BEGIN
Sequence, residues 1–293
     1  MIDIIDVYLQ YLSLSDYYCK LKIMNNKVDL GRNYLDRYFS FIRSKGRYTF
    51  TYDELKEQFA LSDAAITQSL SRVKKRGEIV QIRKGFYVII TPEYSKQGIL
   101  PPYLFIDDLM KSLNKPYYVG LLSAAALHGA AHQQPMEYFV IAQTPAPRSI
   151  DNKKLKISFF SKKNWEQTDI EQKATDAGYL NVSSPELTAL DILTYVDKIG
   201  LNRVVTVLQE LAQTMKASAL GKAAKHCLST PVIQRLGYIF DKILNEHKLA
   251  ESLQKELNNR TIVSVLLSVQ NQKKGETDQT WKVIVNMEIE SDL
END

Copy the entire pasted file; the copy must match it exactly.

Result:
Sequence, residues 1–293
     1  MIDIIDVYLQ YLSLSDYYCK LKIMNNKVDL GRNYLDRYFS FIRSKGRYTF
    51  TYDELKEQFA LSDAAITQSL SRVKKRGEIV QIRKGFYVII TPEYSKQGIL
   101  PPYLFIDDLM KSLNKPYYVG LLSAAALHGA AHQQPMEYFV IAQTPAPRSI
   151  DNKKLKISFF SKKNWEQTDI EQKATDAGYL NVSSPELTAL DILTYVDKIG
   201  LNRVVTVLQE LAQTMKASAL GKAAKHCLST PVIQRLGYIF DKILNEHKLA
   251  ESLQKELNNR TIVSVLLSVQ NQKKGETDQT WKVIVNMEIE SDL